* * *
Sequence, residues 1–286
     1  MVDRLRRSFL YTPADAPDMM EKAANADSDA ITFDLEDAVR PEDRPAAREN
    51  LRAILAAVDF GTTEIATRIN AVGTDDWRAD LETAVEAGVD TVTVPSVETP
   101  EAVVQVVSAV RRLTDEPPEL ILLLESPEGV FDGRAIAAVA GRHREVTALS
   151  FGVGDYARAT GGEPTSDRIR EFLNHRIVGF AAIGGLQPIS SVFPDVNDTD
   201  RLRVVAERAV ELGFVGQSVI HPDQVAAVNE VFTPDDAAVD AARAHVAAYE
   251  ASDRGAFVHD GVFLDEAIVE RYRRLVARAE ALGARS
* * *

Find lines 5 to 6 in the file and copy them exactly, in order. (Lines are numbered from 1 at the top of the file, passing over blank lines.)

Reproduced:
   151  FGVGDYARAT GGEPTSDRIR EFLNHRIVGF AAIGGLQPIS SVFPDVNDTD
   201  RLRVVAERAV ELGFVGQSVI HPDQVAAVNE VFTPDDAAVD AARAHVAAYE